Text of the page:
On the opening Sunday of the season, the Steelers ended their game with the Cleveland Browns in a 21-21 tie, making it the first kick-off weekend tie since 1971, and the first time Pittsburgh had not beaten Cleveland in seven meetings.
Last night, Cincinnati moved to 2-0 and got their first division win in the AFC North over the Ravens.
While all this has happened, the Steelers have been without their star running back and receiver Le’Veon Bell, who is holding out for a new contract or a trade. Earlier this week, they removed him from the depth chart on their website completely.
And this Sunday – live on Sky Sports – they face the red-hot Kansas City Chiefs. With all the drama surrounding them, how will they fare without Bell moving forward?
Breaking down Ben against the Browns
Much was made of the Browns blowing their opportunity to win with just seconds remaining. From the outside looking in, it appeared Cleveland should have taken the victory. Pittsburgh quarterback Ben Roethlisberger turned the ball over five times (three interceptions, two lost fumbles), including a late turnover that put Cleveland deep into Steelers’ territory.
However, Pittsburgh had a missed field goal of their own, and moved the ball with ease.
Rob Ryan and Solomon Wilcots told Sky Sports we shouldn’t worry too much about the offense. Ryan said: “I know Bell wasn’t there, but they still hung up  yards.”
Wilcots defended the QB. He said: “There were extenuating circumstances on a few of the interceptions. I thought the first was just a bad decision and throw.
“With the long throw, if we showed the All-22, you can see Antonio Brown is running away from the defensive back but the wind blew the ball back – it looked as if he threw it to the defensive back and not the receiver. That was a wind-aided interception.
“The other one went of the hands of Jesse James – he should have caught it.”
So, the quarterback had a down game, but was mostly unaffected by Bell’s absence. How about the running game?
Can James Conner fill the void?
If the Steelers’ ability to replace Bell was based purely on his immediate backup’s statistics on Sunday, the outcome was clear: Pittsburgh didn’t miss a beat with second-year runner Conner in the backfield.
He ran the ball 31 times for 135 yards, and added 57 yards through the air on five catches for 192 scrimmage yards. That led the league through Week One and, let’s face it: the numbers were Bell-like.
“Conner is not the same player, Wilcots said. “However, he’s a very good player. I don’t think he’s the receiver that Bell was typically.
“He turned some short catches into runs. He’s a really good runner, but Ben is just really good at distributing the ball. He looks to his backs on check-downs and out of the backfield, and they are using Conner mostly in the same way.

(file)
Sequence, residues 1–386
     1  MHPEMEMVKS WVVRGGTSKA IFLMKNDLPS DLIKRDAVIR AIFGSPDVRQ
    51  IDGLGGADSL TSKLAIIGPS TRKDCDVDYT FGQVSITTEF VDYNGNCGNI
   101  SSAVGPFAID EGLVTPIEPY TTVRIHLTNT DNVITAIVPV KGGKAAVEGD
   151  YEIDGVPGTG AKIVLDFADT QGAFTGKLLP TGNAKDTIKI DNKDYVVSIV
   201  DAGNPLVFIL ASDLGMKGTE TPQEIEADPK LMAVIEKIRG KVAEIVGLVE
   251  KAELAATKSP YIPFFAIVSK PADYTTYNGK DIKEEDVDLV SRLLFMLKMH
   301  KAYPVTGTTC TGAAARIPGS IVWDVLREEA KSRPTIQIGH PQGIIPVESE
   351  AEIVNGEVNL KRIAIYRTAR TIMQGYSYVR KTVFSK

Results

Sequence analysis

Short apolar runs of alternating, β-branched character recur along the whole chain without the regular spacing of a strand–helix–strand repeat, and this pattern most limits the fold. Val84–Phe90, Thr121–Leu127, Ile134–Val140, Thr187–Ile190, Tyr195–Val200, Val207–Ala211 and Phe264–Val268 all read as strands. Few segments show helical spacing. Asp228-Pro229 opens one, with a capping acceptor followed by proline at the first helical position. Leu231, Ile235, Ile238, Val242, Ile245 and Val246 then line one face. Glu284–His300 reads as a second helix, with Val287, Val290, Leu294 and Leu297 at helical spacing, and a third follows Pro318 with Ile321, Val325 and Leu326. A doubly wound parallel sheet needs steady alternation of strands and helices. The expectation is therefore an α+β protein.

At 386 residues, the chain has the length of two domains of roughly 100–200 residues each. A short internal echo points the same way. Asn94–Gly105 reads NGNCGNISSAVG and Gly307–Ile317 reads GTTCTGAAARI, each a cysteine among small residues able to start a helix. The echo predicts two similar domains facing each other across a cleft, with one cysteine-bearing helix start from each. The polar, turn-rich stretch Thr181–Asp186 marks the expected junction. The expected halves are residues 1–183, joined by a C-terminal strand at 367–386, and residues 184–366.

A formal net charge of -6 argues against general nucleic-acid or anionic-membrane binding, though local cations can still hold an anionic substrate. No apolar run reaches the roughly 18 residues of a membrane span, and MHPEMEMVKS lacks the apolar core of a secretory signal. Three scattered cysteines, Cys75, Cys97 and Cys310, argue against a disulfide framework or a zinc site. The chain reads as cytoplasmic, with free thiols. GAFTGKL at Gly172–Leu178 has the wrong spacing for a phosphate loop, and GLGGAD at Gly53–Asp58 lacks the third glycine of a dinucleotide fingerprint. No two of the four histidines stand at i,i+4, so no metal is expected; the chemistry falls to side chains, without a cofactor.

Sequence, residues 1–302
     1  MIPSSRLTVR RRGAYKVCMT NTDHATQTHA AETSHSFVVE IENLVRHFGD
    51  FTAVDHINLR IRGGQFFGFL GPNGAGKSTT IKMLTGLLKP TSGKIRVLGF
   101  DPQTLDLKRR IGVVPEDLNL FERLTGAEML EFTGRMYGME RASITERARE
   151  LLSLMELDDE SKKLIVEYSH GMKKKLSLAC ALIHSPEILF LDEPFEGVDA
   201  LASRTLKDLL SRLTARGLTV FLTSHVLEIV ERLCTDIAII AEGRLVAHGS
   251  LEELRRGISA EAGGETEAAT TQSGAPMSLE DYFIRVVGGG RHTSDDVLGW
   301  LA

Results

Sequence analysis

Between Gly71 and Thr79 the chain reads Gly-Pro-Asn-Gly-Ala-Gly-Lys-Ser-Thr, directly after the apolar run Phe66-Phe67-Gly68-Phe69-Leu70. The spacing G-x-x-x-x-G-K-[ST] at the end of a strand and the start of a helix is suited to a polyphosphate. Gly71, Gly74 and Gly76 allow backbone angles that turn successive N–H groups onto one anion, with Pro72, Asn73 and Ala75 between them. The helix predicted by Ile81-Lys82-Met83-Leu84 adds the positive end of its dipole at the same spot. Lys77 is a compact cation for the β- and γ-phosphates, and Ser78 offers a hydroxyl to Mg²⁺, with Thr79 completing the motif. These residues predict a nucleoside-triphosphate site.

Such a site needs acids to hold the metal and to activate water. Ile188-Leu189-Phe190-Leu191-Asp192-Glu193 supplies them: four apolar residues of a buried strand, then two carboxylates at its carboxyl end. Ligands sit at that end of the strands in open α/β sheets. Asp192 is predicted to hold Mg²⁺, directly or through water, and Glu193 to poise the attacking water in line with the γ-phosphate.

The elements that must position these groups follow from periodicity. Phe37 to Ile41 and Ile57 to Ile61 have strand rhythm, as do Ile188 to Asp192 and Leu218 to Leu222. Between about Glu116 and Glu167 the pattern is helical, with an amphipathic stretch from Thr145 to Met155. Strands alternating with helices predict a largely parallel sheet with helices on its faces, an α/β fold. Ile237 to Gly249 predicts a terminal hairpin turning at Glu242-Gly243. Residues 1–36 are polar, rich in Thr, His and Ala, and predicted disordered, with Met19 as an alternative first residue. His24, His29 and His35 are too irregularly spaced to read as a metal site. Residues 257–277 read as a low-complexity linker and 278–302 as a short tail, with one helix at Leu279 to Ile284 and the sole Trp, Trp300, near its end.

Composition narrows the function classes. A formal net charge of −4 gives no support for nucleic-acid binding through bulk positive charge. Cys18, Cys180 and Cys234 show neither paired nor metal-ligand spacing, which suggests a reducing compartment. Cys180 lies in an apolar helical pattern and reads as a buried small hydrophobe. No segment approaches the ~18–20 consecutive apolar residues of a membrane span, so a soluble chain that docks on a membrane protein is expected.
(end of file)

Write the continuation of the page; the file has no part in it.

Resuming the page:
“There’s one thing they aren’t doing with Conner – they would put Bell out like a receiver, split him out. I have not seen them do that with Conner. Not isolated in coverage.”
Despite the subtle differences in style, one thing was made clear: The Steelers like Conner, and they have no problem feeding him the ball. Another check.
Antonio Brown is still the best in the business
While Ben was faltering and Bell was absent, the third of the ‘Killer B’ trio – Antonio Brown – was his usual, consistent self with nine catches, 93 yards and a typical touchdown catch along the sideline that few receivers in the league could make.
Brown reached 10,000 career receiving yards on Sunday in just his 116th career game, tying Torry Holt for the second-fewest games to reach that make. Only Calvin Johnson (in 115) reached it quicker.
The 30-year-old has had over 100 receptions and 1,200 yards in five straight seasons and stands alone as the best wideout over that period.
Regardless of the drama in the backfield, Pittsburgh know they can always rely on their star on the outside. Is there any reason for concern at all?
What happens moving forward?
Both analysts recalled former Steeler Willie Parker’s time in Pittsburgh when considering Bell’s situation. Ryan said: “You could say they miss him, but they missed Willie Parker too and just kept on rolling.”
Wilcots explained how Parker was in a similar situation: He claimed the team weren’t focusing on him and the running game, and head coach Mike Tomlin responded with: “Every day I walk by five Lombardi Trophies, not five rushing titles.”
“In other words,” Wilcots said, “we’re not here to get you numbers, to get Bell numbers or a big contract. That’s not what we are about.
“That is the Steeler way – it’s about winning.”
Ryan: “They are going to win without him.”
Wilcots: “If you’re going to be that guy, we’re moving on.”
There you have it. The pair agree that Pittsburgh – led by Tomlin – will adapt and work it out without Bell. And on Sunday, they’ll have a major test of the season when perennial playoff contenders Kansas City come to town.
Last season, Pittsburgh ended the Chiefs’ unbeaten 5-0 start with a win at Arrowhead Stadium on the back of a 32-carry, 179-yard rushing performance from Bell. This time around, they’ll hope to do it at home – without one of the most productive players in the league.
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